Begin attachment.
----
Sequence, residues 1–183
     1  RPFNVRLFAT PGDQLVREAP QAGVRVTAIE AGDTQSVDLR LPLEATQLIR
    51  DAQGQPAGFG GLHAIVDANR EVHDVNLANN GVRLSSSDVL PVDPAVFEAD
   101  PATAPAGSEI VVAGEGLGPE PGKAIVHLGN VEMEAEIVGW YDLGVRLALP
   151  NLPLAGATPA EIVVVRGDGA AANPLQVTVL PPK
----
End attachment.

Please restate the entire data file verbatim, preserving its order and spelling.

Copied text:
Sequence, residues 1–183
     1  RPFNVRLFAT PGDQLVREAP QAGVRVTAIE AGDTQSVDLR LPLEATQLIR
    51  DAQGQPAGFG GLHAIVDANR EVHDVNLANN GVRLSSSDVL PVDPAVFEAD
   101  PATAPAGSEI VVAGEGLGPE PGKAIVHLGN VEMEAEIVGW YDLGVRLALP
   151  NLPLAGATPA EIVVVRGDGA AANPLQVTVL PPK